Zoonotic causes of febrile illness in malaria endemic countries: a systematic review

Jo E.B. Halliday, Manuela Carugati, Michael E. Snavely, Kathryn J. Allan, Julia Beamesderfer, Georgia A.F. Ladbury, Deborah V. Hoyle, Paul Holland, John A. Crump, Sarah Cleaveland, Matthew P. Rubach

Research output: Contribution to journalReview articlepeer-review


Fever is one of the most common reasons for seeking health care globally and most human pathogens are zoonotic. We conducted a systematic review to describe the occurrence and distribution of zoonotic causes of human febrile illness reported in malaria endemic countries. We included data from 53 (48·2%) of 110 malaria endemic countries and 244 articles that described diagnosis of 30 zoonoses in febrile people. The majority (17) of zoonoses were bacterial, with nine viruses, three protozoa, and one helminth also identified. Leptospira species and non-typhoidal salmonella serovars were the most frequently reported pathogens. Despite evidence of profound data gaps, this Review reveals widespread distribution of multiple zoonoses that cause febrile illness. Greater understanding of the epidemiology of zoonoses in different settings is needed to improve awareness about these pathogens and the management of febrile illness.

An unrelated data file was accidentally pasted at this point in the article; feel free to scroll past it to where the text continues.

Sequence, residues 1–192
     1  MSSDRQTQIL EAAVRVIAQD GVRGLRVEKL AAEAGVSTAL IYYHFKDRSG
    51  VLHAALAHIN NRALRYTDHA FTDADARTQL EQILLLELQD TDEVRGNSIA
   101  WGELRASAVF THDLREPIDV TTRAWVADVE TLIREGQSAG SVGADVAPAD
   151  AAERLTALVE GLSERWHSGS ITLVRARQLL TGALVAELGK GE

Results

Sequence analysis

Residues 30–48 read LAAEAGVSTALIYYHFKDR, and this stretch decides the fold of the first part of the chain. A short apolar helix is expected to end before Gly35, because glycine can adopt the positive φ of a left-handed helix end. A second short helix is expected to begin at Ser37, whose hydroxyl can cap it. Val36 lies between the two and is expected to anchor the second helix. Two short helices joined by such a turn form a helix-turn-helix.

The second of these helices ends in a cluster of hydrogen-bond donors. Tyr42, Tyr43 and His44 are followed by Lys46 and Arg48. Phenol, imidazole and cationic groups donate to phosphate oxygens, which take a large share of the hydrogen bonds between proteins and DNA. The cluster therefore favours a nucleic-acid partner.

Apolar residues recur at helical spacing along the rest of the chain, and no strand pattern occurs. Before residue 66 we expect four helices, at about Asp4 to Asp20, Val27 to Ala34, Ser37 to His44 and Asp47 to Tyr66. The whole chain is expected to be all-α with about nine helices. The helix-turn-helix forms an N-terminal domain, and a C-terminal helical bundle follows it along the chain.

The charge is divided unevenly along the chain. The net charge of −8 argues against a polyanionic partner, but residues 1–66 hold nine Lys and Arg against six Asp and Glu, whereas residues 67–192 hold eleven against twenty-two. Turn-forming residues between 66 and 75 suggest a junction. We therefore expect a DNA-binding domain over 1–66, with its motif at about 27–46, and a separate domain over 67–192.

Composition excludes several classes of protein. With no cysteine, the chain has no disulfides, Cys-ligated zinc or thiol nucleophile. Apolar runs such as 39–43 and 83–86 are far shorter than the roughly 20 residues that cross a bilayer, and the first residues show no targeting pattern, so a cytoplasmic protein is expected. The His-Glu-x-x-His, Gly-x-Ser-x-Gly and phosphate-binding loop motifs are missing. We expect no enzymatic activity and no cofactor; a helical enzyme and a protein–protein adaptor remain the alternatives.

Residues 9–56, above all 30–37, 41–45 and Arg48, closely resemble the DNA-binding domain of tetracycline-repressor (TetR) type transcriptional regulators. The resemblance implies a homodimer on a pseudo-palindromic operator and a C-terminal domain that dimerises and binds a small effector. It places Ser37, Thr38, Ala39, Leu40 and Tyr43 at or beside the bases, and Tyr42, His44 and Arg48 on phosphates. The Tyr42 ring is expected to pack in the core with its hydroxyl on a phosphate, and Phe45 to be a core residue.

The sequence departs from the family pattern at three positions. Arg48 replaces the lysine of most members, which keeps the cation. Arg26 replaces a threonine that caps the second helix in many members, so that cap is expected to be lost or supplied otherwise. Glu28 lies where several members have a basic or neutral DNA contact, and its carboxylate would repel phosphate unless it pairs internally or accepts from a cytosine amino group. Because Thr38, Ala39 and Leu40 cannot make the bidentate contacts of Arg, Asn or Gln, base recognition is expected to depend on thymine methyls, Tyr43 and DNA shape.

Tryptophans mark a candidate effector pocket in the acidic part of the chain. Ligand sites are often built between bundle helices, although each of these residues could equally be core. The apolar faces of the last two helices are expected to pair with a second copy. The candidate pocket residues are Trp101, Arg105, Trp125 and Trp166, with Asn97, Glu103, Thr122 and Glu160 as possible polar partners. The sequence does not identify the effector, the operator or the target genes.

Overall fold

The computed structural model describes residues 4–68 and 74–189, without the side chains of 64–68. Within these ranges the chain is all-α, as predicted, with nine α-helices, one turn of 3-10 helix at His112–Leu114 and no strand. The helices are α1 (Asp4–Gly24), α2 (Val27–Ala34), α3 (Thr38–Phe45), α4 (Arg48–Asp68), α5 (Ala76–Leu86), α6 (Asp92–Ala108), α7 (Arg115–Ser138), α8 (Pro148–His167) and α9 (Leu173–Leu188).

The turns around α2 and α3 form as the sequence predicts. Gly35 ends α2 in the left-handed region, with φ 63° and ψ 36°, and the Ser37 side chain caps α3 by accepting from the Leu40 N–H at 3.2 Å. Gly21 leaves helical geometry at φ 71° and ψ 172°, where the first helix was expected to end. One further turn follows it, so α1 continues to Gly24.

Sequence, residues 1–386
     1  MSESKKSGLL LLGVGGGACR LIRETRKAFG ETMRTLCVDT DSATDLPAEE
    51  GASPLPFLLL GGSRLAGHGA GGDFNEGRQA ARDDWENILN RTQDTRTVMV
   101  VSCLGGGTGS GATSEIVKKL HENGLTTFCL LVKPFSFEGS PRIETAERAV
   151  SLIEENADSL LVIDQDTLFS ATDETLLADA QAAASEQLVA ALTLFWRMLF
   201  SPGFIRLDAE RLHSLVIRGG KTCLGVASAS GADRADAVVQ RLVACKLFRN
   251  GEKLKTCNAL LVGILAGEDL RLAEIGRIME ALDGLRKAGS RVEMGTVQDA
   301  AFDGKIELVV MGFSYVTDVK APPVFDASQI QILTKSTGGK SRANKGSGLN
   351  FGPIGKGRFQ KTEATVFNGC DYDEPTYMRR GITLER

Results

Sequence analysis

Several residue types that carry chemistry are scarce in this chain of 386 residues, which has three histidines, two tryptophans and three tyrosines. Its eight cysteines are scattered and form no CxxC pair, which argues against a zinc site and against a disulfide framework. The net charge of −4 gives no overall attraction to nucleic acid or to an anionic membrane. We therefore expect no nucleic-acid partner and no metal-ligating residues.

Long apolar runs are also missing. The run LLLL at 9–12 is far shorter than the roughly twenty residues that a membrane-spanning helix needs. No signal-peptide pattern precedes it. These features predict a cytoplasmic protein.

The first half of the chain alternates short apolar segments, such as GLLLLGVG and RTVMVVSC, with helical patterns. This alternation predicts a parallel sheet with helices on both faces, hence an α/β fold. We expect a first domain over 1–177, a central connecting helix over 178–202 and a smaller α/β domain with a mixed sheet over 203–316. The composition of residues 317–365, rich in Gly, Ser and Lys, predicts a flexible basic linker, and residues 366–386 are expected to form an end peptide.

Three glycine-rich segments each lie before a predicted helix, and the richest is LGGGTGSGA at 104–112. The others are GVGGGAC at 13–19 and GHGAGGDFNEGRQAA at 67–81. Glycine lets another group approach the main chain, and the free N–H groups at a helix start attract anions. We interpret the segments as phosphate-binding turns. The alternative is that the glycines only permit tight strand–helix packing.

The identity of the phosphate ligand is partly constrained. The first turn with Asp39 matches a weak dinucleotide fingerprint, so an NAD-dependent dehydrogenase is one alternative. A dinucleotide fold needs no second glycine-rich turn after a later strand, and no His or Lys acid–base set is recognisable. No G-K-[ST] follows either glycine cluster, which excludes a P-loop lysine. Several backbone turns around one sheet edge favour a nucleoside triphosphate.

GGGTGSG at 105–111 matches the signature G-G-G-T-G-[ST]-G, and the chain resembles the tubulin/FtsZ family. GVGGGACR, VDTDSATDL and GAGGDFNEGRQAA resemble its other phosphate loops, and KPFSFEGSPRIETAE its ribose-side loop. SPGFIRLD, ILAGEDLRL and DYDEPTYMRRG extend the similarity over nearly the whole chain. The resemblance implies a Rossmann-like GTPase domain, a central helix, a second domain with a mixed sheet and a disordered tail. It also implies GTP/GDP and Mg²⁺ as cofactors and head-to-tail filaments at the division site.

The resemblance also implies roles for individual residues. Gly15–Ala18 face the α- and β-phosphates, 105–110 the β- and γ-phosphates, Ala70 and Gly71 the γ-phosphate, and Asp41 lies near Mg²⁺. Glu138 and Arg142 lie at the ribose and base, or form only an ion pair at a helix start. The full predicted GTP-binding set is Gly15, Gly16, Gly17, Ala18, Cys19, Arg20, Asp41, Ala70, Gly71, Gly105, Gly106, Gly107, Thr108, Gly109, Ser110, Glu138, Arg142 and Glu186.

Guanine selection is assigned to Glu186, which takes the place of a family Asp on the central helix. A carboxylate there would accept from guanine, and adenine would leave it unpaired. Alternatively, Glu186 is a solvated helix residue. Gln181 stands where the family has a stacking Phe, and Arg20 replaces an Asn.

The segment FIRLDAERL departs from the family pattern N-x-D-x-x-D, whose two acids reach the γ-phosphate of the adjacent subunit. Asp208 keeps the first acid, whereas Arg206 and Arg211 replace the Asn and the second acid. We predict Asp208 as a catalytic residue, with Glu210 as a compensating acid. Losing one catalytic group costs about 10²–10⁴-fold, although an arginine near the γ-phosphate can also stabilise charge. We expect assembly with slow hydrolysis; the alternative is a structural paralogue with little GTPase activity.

Original languageEnglish
Pages (from-to)e27-e37
JournalThe Lancet Infectious Diseases
Issue number2
Publication statusPublished - Feb 2020

ASJC Scopus subject areas

  • Infectious Diseases


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